Nearly 40 pct of Europeans suffer mental illness

LONDON, (Reuters) – Europeans are plagued by mental  and neurological illnesses, with almost 165 million people or 38  percent of the population suffering each year from a brain  disorder such as depression, anxiety, insomnia or dementia,  according to a large new study.

With only about a third of cases receiving the therapy or  medication needed, mental illnesses cause a huge economic and  social burden — measured in the hundreds of billions of euros  — as sufferers become too unwell to work and personal  relationships break down.

“Mental disorders have become Europe’s largest health  challenge of the 21st century,” the study’s authors said.

At the same time, some big drug companies are backing away  from investment in research on how the brain works and affects  behaviour, putting the onus on governments and health charities  to stump up funding for neuroscience.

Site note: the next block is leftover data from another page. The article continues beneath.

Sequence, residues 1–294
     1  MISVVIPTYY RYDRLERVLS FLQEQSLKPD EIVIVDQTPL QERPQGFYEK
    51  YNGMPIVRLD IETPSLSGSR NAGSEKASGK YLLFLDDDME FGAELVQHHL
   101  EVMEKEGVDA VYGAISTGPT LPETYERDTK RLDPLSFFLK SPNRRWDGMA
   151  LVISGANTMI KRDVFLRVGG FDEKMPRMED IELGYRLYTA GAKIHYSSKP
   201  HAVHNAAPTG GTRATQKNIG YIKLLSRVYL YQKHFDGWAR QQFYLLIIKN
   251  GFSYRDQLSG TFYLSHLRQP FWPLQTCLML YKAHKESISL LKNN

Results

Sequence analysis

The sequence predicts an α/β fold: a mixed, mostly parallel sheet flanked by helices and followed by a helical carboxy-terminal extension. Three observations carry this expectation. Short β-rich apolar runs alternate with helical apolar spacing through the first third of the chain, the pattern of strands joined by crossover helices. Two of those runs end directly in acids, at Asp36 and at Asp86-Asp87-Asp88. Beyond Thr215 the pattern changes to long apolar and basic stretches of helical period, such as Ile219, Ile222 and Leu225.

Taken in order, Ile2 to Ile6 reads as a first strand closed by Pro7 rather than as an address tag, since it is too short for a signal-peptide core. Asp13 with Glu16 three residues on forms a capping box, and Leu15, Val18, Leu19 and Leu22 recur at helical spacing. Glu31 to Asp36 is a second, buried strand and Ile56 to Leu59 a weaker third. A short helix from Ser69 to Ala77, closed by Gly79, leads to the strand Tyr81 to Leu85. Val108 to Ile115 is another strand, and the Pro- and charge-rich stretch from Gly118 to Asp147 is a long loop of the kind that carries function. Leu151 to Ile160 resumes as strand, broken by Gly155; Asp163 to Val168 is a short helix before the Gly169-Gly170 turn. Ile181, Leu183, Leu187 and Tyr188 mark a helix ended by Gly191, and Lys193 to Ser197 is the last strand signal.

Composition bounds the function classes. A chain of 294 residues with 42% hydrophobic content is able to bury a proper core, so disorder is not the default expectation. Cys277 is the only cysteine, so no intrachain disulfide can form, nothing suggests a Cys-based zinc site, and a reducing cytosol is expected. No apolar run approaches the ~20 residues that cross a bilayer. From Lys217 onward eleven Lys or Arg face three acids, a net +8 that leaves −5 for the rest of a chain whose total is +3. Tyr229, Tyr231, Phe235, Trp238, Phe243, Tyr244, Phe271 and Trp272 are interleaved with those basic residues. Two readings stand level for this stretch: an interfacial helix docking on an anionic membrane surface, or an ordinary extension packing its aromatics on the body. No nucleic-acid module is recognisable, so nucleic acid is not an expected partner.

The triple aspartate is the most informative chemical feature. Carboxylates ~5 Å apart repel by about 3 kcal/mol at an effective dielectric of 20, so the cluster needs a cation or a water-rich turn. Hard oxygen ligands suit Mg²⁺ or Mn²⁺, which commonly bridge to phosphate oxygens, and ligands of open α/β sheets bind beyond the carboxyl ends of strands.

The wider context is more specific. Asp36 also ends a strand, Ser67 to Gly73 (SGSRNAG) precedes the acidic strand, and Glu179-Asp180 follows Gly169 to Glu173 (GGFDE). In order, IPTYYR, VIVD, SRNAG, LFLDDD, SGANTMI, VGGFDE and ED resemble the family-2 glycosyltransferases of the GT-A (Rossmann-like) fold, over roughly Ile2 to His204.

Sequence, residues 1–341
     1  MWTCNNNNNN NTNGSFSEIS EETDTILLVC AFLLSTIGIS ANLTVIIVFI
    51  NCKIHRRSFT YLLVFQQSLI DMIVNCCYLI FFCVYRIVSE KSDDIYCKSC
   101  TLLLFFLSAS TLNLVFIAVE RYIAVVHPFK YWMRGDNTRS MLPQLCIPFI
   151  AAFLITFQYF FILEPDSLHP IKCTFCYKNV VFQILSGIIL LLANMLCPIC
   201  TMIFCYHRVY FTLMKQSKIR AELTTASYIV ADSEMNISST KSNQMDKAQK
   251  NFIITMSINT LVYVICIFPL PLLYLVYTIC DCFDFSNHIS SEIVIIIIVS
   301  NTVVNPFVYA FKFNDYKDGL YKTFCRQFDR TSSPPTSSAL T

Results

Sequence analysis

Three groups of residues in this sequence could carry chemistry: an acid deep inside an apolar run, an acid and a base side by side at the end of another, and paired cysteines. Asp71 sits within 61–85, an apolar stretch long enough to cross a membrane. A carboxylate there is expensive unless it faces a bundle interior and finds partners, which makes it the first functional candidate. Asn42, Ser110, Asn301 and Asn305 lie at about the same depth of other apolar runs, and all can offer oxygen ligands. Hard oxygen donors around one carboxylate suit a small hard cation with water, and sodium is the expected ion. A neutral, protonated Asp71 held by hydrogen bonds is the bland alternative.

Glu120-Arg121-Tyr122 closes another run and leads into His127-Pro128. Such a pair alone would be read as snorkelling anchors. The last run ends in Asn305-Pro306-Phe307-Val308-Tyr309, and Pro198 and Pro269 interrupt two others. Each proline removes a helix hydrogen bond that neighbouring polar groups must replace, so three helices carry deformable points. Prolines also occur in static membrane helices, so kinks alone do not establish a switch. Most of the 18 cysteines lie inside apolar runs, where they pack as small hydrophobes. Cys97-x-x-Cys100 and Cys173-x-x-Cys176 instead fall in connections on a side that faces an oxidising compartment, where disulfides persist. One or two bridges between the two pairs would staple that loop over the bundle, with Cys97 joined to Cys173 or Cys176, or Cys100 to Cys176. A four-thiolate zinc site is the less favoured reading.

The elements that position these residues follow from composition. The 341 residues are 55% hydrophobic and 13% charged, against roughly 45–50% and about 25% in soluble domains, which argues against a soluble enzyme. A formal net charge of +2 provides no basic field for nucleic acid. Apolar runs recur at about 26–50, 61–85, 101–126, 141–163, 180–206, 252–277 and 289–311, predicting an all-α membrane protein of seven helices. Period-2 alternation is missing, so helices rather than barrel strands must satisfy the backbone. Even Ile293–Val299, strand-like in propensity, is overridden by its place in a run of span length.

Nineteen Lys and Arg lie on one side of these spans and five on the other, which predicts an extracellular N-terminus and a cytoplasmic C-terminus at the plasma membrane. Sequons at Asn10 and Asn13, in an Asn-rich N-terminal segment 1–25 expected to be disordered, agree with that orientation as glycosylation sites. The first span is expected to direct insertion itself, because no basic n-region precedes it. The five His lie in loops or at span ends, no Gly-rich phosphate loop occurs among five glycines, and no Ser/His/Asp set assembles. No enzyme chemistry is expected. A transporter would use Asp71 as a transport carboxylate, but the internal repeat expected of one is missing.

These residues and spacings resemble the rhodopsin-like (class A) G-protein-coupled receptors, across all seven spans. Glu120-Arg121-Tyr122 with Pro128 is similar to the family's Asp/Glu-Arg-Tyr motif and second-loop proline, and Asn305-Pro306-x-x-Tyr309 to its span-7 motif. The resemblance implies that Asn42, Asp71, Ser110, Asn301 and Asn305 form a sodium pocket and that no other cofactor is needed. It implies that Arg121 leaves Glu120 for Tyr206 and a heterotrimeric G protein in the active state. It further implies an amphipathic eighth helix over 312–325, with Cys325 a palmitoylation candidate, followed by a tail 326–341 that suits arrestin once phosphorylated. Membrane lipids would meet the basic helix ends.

“The immense treatment gap … for mental disorders has to  be closed,” said Hans Ulrich Wittchen, director of the institute  of clinical psychology and psychotherapy at Germany’s Dresden  University and the lead investigator on the European study.

“Those few receiving treatment do so with considerable  delays of an average of several years and rarely with the  appropriate, state-of-the-art therapies.”

Wittchen led a three-year study covering 30 European  countries — the 27 European Union member states plus  Switzerland, Iceland and Norway — and a population of 514  million people.

A direct comparison of the prevalence of mental illnesses in  other parts of the world was not available because different  studies adopt varying parameters.

Around the Web